Treaty Ed

Treaty Ed

1)What is the purpose of teaching Treaty Ed (specifically) or First Nations, Metis, and Inuit (FNMI) Content and Perspectives (generally) where there are few or no First Nations, Metis, Inuit peoples?

  1. What does it mean for your understanding of curriculum that “We are all treaty people”?

The content and its delivery in schools comes from a colonial history. There was a specific effort put forth by the government to strengthen the European ways of thought when our country was in its early stages. The land was valuable for resources, among other things, and maintaining power in this place was necessary. In an oversimplified way, it can be said that this is the basis of our early educational content. This has changed in many ways over the generations, but the Indigenous ways of knowing that were here prior were not prioritized very greatly. Treaty Education, Indigenous ways of knowing, and FNMI content is therefore tantamount because we have a proverbial uphill battle in order to reach any semblance of equity when it comes to educational content. Therefore, it is important to teach this content for all students, especially in situations where there are no, or few, First Nations, Metis, or Inuit people. We see this content in areas such as Social Studies, but as educators become sharper with cross-curricular approaches, it can be incorporated into more subjects. We might not realize it, but the European content spreads across nearly all areas of the curriculum, and in order to decolonize our society we must start by tipping the scale in the direction of FNMI content. Many First Nations, Metis, and Inuit people are aware of, and proud of, their heritage, but many people have lost that part of their identity. It is for this reason that it is important to teach FNMI content to every student.

 

There are aspects to the treaties that can be troubled, but it often goes unnoticed because the treaties, themselves, are seldom taught in some schools. We must not just say “sorry” and feel guilt for the colonial acts of our ancestors, we must take responsibility for the world we currently inhabit. Being treaty people means we create honest and true relationships with one another. Dwayne Donald defined colonialism as “an extended process of denying relationship”. To decolonise it to be mindful of the wrongdoings of the past, and to create and maintain valuable relationships. We are all treaty people, and we must live and breathe this fact, not just understand it intellectually. There are legal rights and obligations that are a part of the treaties, but there are also values of a harmonious relationship that must be lived by that can be instilled in our students by teaching the treaties. We must teach the history of both sides of the treaties. The land of Canada was not ceded as the Eurocentric view assumes, and to teach the troubling aspects of our history, treaties included, is important.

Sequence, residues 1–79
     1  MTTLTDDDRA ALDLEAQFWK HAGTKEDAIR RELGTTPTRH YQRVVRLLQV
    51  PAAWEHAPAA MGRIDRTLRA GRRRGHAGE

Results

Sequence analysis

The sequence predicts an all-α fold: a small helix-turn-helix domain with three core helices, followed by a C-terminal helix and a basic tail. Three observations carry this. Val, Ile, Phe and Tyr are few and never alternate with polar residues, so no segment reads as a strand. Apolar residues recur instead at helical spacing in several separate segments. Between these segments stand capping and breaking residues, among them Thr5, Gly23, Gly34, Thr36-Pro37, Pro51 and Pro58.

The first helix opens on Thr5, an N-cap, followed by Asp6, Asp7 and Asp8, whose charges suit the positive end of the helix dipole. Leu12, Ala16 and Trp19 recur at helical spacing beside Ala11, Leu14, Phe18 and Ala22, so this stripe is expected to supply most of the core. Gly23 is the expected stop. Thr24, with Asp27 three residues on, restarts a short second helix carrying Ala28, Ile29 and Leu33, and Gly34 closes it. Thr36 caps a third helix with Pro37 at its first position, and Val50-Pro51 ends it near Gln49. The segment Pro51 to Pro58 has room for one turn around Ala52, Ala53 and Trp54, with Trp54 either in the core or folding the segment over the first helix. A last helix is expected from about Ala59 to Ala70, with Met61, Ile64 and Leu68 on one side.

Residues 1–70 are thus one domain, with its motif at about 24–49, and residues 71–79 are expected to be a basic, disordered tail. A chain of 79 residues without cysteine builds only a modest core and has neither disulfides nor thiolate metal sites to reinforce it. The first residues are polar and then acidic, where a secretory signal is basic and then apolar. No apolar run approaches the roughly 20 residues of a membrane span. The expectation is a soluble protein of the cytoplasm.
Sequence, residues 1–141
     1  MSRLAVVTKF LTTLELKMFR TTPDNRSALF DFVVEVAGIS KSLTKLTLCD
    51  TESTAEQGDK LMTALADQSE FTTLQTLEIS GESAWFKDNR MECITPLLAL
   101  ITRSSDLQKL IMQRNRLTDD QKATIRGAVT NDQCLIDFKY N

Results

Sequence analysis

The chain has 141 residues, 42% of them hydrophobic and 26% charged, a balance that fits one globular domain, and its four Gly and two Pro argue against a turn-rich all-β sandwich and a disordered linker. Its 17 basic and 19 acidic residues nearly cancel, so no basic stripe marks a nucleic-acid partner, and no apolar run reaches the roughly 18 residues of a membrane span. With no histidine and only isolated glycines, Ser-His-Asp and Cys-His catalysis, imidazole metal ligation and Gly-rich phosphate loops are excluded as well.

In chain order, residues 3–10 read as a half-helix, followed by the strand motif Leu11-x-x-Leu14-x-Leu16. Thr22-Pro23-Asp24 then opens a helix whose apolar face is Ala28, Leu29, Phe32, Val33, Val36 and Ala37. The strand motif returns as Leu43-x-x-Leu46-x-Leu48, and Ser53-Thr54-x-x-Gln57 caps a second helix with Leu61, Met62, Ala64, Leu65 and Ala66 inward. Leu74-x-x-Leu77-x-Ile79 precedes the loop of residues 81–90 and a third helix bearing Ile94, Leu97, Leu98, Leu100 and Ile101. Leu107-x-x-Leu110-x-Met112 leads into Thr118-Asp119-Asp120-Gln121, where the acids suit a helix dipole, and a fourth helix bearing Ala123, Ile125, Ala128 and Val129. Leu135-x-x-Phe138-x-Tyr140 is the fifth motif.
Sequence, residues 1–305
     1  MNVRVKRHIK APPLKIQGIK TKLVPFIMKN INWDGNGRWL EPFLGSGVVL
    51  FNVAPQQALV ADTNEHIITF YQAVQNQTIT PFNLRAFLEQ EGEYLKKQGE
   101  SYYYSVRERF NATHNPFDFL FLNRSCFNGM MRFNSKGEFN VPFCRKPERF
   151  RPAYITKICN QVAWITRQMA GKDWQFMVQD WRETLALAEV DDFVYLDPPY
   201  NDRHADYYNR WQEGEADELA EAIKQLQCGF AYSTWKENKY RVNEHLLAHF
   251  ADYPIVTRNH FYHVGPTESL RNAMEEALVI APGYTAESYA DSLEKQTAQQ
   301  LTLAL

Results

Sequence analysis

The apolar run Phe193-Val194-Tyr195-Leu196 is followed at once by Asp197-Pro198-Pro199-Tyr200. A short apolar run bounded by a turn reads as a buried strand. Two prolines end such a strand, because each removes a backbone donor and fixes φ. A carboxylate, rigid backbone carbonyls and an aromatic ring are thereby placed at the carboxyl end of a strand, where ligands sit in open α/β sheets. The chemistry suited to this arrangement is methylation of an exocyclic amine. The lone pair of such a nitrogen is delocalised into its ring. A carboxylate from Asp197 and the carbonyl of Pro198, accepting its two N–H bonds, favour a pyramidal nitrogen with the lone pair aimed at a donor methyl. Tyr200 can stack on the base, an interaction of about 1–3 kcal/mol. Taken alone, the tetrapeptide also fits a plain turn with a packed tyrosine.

Curriculum as Place

Curriculum as Place

The article suggests that a “critical pedagogy of place” aims to: a) identify, recover, and create material spaces and places that teach us how to live well in our total environments (reinhabitation); and (b) identify and change ways of thinking that injure and exploit other people and places (decolonization) (p.74). List some of the ways that you see reinhabitation and decolonization happening throughout the narrative. How might you adapt these ideas / consider place in your own subject areas and teaching?

One of the examples of decolonization is in the documentaries the Indigenous youth are tasked with creating. “Fifteen interviews were collected and formed the basis for a short audio documentary, titled The Kistachowan River Knows My Name, which aired in the local community and on Wawatay radio, which reaches a wide audience in northern Ontario.” The documentaries create intergenerational relationships through the interviews, and by airing them on the radio, it spreads the history to a wider audience. The facilitators and the students then go on a trip to the river, to see the land itself. They rename words and areas on the map of the area into the Cree language, and they are encouraged to use Cree in their assignments. The students learned how the Mushkegowuk Cree community perceives land, the environment, and traditional cultural and economic practices in relation to social and economic well-being. They learn about the development proposals in the Treaty 9 region. There are hydro development projects and multiple announcements about potential roads and mining projects. “As the region became seen externally as a new frontier for extractive development, it was also a time of resurgence of Indigenous identities and cultural practices.”

We cannot escape who we are, and where we are and have been is a large part of constructing that. I believe that being a good role model and educator requires one to be honest with themselves, and part of that requires us to actualize where we are and where we have been. I will be reaching out to elders and knowledge keepers in my community to come and talk to my students to incorporate different perspectives in the classroom; a perspective from those with the authority to speak their story. I will also prioritize teaching practices that focus on the land. Teaching the holistic aspect of nature in all subjects in the classroom, and taking our projects outside as well as on field trips and nature walks, are some of the ways this can be accomplished. This must be prioritized because a connection to nature is important to children’s intellectual, emotional, social, physical and spiritual development. I will also post treaty maps in my classroom, as well as maps showing the different nations of Canada pre-colonization.

Math, Numeracy, etc